The document should be called Pakistan FDI Policy not Pakistan Investment Policy 2023. But it is incomplete even with respect to FDI governance. We try to show this by comparing its strategic objectives to its FDI facilitation and regulatory proposals.
The policy’s strategic objectives are to welcome FDI in all sectors with some minor exceptions, incentivize FDI inflows in export oriented and R & D intensive sectors generating high skilled jobs, promote FDI links with domestic supply chains. Also included in the objectives is the encouragement of import substituting sectors, and the enhancement of FDI in under-served areas and communities.
This World Bank crafted policy is fully committed to the neoliberal paradigm. No one seems to have paid any heed to how this ideological commitment is inconsistent with the incentives and regulatory measures proposed by the policy.
These objectives are to be pursued with a focus on areas of our existing comparative advantage. The drafters of the policy do not recognize the fundamental contradiction in this policy strategy. For Pakistan’s current comparative advantage is precisely in low value-added products, and its focus on existing comparative advantage inhibits the transition to a more complex production system. How is this inability to be overcome – the document does not say.
Also, the commitment to welcome FDI in all sectors necessarily endorses the view that FDI can do no harm to the economy and also necessarily dilutes the incentivization of prioritized sectors, for it obstructs the paradigm of a level playing field for all foreign investors. This contradiction is also not recognized in this incomplete policy document.
Incentives & regulatory mechanisms
This World Bank crafted policy is fully committed to the neoliberal paradigm. No one seems to have paid any heed to how this ideological commitment is inconsistent with the incentives and regulatory measures proposed by the policy. In the main however, the proposals are World Bank approved and conventional – such as one window facilities, branch/Liaison Management Information System, Special Economic Zones Management Information System, Business Matchmaking module, online portal and helpdesk, etc.
But the commitment to incentivization of key sectors and the encouragement of the buildup of local supply chains are clearly inconsistent with the neoliberal orientation of the policy, as are commitments to induce firms to transfer technology. Again, it is not recognized that such attempts are often negated by the commitment to the preservation of intellectual property rights. The granting of fiscal incentives to priority sectors may be seen as being inconsistent with the neoliberal orientation of the policy, as are attempts to “adopt incentives to … indicators of performance of investors.” This is also the case with respect to locational incentives and incentives to producers of “national and strategic importance.”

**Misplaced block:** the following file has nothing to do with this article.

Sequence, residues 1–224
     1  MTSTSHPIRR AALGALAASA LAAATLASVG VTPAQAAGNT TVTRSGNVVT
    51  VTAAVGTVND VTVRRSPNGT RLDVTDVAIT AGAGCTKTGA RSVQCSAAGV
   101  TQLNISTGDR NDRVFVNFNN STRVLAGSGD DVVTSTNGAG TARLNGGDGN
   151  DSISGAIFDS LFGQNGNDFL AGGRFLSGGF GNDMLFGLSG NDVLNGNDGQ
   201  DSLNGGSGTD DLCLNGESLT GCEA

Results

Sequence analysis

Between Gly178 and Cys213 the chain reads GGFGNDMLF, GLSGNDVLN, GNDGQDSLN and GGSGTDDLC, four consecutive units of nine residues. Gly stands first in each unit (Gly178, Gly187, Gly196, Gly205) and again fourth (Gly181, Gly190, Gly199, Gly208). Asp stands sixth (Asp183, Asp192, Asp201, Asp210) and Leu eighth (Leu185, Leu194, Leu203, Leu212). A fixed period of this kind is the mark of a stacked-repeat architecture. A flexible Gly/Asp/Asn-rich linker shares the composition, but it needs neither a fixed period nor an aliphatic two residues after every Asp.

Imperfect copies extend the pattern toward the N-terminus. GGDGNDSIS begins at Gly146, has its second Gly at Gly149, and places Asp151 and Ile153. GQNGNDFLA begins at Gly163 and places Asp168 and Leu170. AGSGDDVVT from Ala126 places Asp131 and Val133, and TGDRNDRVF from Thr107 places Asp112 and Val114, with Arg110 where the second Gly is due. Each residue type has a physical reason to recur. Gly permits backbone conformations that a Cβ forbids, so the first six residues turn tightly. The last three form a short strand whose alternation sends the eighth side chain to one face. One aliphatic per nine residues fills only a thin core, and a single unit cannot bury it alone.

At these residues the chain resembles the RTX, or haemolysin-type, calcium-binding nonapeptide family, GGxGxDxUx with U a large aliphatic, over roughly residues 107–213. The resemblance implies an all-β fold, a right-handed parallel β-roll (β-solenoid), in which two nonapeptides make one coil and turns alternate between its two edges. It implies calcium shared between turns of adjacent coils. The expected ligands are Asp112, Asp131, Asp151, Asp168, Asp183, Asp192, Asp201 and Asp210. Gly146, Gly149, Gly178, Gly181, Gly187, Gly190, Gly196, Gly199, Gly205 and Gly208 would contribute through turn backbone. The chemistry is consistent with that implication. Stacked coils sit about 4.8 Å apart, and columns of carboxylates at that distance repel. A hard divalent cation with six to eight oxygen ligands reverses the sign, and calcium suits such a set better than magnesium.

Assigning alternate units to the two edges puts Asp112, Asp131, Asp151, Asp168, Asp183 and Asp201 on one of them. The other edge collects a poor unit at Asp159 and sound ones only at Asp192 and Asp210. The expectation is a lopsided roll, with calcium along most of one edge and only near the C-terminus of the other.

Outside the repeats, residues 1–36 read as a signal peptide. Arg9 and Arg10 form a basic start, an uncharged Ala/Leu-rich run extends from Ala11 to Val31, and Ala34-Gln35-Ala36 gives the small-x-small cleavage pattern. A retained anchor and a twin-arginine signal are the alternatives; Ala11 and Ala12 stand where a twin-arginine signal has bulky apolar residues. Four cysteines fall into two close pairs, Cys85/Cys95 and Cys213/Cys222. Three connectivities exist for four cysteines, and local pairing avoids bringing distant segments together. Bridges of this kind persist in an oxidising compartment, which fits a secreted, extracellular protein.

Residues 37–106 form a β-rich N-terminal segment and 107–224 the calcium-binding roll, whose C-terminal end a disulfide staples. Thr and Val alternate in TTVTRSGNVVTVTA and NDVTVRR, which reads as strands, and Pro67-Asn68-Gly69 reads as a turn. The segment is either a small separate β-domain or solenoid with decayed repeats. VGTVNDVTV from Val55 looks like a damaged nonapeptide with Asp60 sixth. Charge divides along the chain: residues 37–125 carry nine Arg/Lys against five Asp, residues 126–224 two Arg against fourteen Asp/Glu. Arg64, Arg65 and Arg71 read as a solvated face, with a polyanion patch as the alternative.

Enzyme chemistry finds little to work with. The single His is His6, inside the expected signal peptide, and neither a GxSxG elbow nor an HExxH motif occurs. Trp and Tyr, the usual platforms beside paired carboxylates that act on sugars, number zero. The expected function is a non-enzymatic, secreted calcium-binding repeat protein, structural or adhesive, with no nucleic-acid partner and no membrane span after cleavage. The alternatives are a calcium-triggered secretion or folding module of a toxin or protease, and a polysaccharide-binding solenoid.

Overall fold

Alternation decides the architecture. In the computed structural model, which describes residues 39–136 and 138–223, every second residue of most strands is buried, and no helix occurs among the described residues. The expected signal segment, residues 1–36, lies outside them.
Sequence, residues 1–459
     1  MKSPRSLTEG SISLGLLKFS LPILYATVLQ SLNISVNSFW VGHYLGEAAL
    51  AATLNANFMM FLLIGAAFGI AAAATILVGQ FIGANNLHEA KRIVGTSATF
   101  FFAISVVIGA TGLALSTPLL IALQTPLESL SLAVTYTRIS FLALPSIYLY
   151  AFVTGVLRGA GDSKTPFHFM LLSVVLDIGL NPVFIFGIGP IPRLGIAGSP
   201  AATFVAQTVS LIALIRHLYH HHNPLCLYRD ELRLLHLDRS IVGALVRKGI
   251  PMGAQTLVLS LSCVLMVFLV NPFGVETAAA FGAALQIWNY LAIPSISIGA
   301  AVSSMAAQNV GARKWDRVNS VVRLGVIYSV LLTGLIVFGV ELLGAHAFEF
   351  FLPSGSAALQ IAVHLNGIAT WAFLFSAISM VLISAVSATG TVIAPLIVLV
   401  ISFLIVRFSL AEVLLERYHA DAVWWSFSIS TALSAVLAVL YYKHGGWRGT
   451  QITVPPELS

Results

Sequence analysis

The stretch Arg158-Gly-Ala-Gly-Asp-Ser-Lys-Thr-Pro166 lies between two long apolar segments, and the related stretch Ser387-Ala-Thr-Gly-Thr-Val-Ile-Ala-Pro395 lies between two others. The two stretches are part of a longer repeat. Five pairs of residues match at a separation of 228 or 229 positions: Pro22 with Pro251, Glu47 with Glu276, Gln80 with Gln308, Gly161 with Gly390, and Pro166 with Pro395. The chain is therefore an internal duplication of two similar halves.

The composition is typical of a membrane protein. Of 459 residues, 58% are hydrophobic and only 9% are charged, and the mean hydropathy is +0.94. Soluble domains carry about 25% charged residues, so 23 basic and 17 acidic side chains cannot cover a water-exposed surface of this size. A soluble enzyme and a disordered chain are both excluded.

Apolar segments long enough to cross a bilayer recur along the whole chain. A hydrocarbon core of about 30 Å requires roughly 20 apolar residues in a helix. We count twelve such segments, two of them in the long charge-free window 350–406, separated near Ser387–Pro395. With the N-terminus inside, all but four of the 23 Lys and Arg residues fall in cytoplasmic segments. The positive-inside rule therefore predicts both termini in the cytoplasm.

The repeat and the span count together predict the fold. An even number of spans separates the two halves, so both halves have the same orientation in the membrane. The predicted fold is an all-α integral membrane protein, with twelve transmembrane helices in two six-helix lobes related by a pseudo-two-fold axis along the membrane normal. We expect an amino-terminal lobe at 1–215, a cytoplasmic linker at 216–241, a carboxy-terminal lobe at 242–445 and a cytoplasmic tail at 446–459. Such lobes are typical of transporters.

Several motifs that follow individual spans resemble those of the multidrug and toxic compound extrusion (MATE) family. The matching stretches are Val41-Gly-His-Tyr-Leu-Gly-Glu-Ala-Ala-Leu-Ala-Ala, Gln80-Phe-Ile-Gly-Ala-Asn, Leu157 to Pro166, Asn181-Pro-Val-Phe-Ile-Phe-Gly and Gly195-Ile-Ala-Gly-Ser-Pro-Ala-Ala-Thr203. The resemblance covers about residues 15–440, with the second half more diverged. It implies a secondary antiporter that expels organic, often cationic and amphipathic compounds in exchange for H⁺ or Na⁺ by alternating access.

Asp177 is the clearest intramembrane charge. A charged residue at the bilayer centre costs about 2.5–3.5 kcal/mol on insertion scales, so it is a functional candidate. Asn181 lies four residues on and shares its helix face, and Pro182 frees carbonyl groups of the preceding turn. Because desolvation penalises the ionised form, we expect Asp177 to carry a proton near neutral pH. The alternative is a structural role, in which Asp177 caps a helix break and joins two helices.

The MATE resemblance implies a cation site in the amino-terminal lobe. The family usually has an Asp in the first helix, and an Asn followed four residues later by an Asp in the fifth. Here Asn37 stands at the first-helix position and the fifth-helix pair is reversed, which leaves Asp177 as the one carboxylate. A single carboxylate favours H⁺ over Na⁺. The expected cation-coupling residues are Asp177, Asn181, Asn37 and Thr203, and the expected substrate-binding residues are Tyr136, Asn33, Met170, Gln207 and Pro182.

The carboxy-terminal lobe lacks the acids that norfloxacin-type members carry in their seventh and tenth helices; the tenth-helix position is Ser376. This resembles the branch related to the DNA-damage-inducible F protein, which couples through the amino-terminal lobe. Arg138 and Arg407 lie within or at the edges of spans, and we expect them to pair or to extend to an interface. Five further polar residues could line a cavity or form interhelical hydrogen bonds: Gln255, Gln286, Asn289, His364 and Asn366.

The national economy is to be fully subordinated to imperialist money markets. This policy legitimates full scale privatization gradually of all of our national assets to foreign investors.
The list of prioritized sections is maximalist. This list is so vast that it covers almost all sectors currently operational in Pakistan, including even agriculture and “high-quality” textiles.
Read More: Does Pakistan Need A Charter Of The Economy?
FDI rights mandated by the policy are taken almost verbatim from the World Bank and World Intellectual Property Organization (WIPO) legislation and standards. Further, the policy regime is literally mortgaged to foreign investors. The policy states that “foreign investors will be protected against any future policy shifts having any negative impact on their investments.” This effectively rules out not only any nationalization, but also puts restraints on M&A activities and corporate taxation changes. A model bilateral investment treaty, inspired by the World Bank, has been crafted for this purpose. A legal framework is being developed to continuously monitor and reform the regulatory regime to increase its conformity to globally mandated standards. A new foreign investment law and dispute resolution settlement procedures within the national legal system are under preparation.
A farewell to national economic self-reliance
It appears that the Policy is reflective of the much-hyped Charter of Economy. It is clear that our economic elite has bid farewell to the objective of achieving national economic self-reliance for all time to come. Foreign investment is now seen as the sole driver of development. Stimulating domestic investment does not interest the elite anymore; they cannot mend their rent seeking, tax avoiding ways or bring about meaningful or structural reform. The national economy is to be fully subordinated to imperialist money markets. This policy legitimates full scale privatization gradually of all of our national assets to foreign investors.
It is natural therefore that the ideology of neoliberalism dominates the proposed policy paradigm. State policy is being legally and institutionally subordinated to crises ridden global markets. References to sectoral prioritization, import substitution, technological upgrades, etc. are meaningless in this policy’s perspective.
As Pakistan integrates with global markets, its development process will necessarily become more unequal, and mired in the lower ends of global product and services supply chains, and subsequently more dependent on concessional imperialist loans and advances. Expect more of the status quo to follow.